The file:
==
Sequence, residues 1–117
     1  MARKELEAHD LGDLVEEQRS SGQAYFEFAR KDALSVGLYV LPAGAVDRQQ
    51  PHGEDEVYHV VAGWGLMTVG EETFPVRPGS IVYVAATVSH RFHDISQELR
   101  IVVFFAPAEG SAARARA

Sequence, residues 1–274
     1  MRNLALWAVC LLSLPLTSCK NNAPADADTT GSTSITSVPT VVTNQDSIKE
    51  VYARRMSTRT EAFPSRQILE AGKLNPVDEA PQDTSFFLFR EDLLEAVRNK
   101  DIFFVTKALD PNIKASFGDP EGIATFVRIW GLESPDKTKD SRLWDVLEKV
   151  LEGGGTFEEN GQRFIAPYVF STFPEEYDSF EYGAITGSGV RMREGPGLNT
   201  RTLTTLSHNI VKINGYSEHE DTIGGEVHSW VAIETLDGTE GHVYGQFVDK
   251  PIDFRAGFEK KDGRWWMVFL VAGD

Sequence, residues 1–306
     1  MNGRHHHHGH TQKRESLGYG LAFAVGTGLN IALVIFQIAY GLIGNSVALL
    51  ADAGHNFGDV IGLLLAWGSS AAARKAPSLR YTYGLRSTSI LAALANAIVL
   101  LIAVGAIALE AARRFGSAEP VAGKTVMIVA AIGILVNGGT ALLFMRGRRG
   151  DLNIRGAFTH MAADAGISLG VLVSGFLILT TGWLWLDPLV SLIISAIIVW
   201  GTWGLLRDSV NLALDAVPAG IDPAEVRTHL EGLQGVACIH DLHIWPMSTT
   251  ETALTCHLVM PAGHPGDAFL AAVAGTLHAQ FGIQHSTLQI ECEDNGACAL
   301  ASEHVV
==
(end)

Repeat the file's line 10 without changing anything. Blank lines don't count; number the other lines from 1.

   201  RTLTTLSHNI VKINGYSEHE DTIGGEVHSW VAIETLDGTE GHVYGQFVDK